April 3, 2023
K. A. Boehmer

Reading a Location on a First World War Map

There is so much in the background about maps made in this era that we won’t delve into details, such as the conversion of coordinates to GPS or the theory…...

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There is so much in the background about maps made in this era that we won’t delve into details, such as the conversion of coordinates to GPS or the theory of longitude and latitude here. [See notes for more resources.] However, we have several maps of different scales used by Canadians during the First World War in our collections.

When researching individual soldiers, coordinates may indicate where the man was buried, such as “Exhumed from: Sheet 44c.T.1c.1.6” What does all that mean?

The Basics

Maps of various scales were titled with a place name and sheet reference, such as our map of Vimy. To maintain a reference to the larger picture of the ground, maps were divided into sheets, then subdivided into sectors NW, NE, SE and SW.

Each numbered sector is divided into rectangular quadrants 6,000 x 5,000 yards and lettered A-X that spread across adjacent maps. Other information on the margins includes when the base map was made, when the trench overlays were updated, its relation to adjoining maps, and a legend of map symbols.

The Orange rectangle highlights a portion of S which consists of 36
squares that extend to the next map.

The Yellow arrow points to a trail junction near La Folie Farm.

Highlighted in Blue is sq. 29, in rectangle S on Sheet 36c 3, which is
1,000 x 1,000 yards.

Each numbered square is subdivided by four squares a, b, c and d. The Yellow arrow points to the trail junction near La Folie Farm, which was the main objective of the 2nd Canadian Mounted Rifles from the Okanagan on April 9, 1917.

Map description of BCD-C-502g:
Vimy – Sheet 36c SW 3 – Edition 8 A – Ordnance Survey Feb. 1917 –
Trenches corrected to 10.2.17 – Scale: 1/10,000 yards

Highlighted in Green is sq. a, which is 500 x 500 yards.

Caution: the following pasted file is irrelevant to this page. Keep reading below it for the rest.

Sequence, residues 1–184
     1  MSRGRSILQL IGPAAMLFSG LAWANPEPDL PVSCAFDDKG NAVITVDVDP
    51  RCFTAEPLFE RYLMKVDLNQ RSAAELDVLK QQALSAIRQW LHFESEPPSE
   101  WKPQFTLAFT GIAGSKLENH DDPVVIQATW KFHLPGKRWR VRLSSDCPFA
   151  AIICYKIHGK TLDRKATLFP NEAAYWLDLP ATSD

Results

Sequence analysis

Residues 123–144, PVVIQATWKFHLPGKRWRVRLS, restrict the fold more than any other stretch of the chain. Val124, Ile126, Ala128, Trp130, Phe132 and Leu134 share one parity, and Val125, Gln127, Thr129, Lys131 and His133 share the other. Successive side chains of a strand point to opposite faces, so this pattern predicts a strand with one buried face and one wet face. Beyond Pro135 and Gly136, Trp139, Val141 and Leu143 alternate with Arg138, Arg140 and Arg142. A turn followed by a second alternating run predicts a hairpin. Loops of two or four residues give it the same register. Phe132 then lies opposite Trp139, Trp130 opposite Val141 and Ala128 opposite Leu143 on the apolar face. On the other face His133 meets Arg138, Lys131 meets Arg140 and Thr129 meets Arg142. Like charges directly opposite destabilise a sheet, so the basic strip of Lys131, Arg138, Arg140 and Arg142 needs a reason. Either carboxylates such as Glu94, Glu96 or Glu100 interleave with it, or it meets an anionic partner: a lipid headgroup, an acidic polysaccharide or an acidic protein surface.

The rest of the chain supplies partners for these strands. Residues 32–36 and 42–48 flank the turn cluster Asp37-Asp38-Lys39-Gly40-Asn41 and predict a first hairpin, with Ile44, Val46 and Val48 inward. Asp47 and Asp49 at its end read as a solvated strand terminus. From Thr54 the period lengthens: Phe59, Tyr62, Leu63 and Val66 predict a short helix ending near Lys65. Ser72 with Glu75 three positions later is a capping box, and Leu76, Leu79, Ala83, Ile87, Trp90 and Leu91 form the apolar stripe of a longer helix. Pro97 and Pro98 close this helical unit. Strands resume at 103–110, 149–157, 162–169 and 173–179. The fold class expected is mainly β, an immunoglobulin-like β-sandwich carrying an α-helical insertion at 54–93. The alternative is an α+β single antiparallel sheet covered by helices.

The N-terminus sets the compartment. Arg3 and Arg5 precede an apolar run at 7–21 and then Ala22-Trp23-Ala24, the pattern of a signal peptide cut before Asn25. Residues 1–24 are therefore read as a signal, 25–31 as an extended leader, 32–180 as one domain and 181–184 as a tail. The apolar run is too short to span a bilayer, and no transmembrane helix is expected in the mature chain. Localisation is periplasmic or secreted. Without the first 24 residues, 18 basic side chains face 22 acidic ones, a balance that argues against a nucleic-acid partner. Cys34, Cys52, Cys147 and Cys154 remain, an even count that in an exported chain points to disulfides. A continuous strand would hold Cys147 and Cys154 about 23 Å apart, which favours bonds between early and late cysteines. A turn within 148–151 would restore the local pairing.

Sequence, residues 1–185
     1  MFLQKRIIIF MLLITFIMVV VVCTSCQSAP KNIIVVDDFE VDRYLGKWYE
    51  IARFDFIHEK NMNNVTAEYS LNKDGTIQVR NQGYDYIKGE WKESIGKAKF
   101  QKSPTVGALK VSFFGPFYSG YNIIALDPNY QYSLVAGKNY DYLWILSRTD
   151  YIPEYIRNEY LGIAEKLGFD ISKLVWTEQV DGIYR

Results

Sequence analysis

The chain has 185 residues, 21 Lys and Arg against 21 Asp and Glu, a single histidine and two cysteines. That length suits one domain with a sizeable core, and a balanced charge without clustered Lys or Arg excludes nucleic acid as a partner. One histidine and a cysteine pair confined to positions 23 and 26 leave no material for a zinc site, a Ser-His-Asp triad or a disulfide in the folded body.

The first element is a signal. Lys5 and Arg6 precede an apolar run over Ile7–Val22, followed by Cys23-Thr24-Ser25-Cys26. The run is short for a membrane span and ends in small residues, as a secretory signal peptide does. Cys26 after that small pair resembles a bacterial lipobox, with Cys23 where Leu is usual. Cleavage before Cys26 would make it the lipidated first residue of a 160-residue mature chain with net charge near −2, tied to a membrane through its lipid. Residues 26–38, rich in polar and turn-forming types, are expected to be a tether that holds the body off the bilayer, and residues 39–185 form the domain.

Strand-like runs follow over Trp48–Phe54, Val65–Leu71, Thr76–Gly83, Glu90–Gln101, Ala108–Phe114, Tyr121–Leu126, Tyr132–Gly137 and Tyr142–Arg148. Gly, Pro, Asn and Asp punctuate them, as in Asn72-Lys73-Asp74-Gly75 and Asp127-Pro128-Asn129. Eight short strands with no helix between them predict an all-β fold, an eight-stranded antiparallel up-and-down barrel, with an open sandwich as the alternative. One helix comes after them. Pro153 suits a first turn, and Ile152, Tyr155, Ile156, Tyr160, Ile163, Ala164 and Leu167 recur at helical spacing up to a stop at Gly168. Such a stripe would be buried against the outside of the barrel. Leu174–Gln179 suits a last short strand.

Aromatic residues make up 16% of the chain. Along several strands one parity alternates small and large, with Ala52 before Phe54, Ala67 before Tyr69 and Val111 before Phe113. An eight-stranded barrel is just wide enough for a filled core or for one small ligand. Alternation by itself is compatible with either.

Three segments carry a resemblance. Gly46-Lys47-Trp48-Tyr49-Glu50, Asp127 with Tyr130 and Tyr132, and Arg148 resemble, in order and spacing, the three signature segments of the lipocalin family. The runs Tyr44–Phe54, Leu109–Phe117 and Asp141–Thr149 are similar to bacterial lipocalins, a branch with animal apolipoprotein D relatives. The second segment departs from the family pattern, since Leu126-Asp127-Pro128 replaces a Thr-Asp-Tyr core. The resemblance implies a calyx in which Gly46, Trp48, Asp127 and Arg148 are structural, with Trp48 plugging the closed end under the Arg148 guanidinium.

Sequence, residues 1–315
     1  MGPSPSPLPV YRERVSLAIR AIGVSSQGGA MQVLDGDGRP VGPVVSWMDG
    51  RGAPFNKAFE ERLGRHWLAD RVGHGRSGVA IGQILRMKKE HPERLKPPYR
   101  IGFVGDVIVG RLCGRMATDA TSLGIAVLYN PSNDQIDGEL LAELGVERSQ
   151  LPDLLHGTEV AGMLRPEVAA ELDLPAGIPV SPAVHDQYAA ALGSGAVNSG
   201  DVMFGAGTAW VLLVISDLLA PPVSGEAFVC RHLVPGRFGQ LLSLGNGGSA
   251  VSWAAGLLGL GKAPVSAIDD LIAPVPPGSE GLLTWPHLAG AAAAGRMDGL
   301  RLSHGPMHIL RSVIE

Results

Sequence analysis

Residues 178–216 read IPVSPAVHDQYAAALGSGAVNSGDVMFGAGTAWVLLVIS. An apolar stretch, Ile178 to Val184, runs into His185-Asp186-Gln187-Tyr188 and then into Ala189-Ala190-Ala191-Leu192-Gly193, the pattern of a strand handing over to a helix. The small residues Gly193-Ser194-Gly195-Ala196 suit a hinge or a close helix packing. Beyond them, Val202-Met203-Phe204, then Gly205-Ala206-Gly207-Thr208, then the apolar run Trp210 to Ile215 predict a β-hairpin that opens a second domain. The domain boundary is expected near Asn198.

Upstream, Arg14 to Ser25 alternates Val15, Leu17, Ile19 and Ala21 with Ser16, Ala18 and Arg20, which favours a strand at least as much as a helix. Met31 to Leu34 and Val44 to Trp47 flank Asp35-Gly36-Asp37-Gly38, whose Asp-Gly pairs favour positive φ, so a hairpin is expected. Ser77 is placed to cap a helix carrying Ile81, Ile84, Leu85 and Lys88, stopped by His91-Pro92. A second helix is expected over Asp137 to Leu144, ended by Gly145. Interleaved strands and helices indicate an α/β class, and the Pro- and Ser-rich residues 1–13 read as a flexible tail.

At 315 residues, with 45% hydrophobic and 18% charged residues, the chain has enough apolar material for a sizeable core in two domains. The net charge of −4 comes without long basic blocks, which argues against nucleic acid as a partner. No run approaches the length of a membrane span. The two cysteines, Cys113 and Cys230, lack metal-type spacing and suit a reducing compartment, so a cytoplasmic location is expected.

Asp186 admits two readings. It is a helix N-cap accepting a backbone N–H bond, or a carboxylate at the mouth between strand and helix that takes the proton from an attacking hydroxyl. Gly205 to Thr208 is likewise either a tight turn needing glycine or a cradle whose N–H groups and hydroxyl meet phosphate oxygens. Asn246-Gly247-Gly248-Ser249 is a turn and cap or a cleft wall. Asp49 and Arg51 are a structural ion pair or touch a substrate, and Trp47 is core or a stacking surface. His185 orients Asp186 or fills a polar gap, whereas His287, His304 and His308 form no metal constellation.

Each square is subdivided by ten hash marks per side for 50 x 50 yards. The 4-digit coordinates for the junction, to the closest cross point marked in Black, is 51.25, meaning five marks from left to right, then 2.5 marks from the bottom to the top of the sq. [“In the door and up the stairs.”]

In full: VIMY Sh 36c NW S.29.a.52.25

As mentioned, there is so much more to know, including how to match war diary coordinates to Google Earth and GPS. In a comment posted on March 7, 2016, by WhiteStarLine on GreatWarForum.org, he states:

“The ultimate aim of the WW1 cartographer was to produce a product of such accuracy that would allow, as an example, a WW1 gunner to fire on a reported enemy position using predicted fire. In other words, if an observer saw a target on the cross roads, an artillery position many kilometres away could use the map with such confidence that first rounds would land on that position. Post-war analysis revealed how successful this really was.

The aim of modern enthusiasts . . . is to come up with a body of work that enables a modern user to research a WW1 location from a WW1 trench map and stand on the same spot using modern techniques such as Google maps and GPS. We did this in 2012, following my grandfather’s brigade’s footsteps.”

In-depth online resources:

McMaster University FWW military maps and aerial photography library

Utilizing trench maps by military and family history blog

Forum posting at Wartimes.ca

Trench Mapper

Researching military history?

Schedule a visit to the Vince Bezeau Military Library and Archives. CLICK HERE for more information.

About Us

This website is run and managed by the Okanagan Military Museum, part of the Kelowna Museums Society. The Okanagan Military Museum Society [OMMS] formed in 1987 and opened the Okanagan Military Museum on November 11, 1999.


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